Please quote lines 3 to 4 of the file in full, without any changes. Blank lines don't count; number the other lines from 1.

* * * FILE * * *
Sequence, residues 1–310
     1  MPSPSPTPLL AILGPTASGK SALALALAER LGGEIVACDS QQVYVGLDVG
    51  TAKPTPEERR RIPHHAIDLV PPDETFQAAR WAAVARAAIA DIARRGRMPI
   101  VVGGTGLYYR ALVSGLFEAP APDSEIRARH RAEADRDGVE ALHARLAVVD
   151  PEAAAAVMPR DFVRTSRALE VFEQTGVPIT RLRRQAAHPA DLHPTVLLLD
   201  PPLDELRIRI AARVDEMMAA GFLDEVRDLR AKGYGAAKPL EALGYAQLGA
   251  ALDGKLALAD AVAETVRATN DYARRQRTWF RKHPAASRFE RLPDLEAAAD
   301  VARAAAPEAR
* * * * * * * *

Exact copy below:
    51  TAKPTPEERR RIPHHAIDLV PPDETFQAAR WAAVARAAIA DIARRGRMPI
   101  VVGGTGLYYR ALVSGLFEAP APDSEIRARH RAEADRDGVE ALHARLAVVD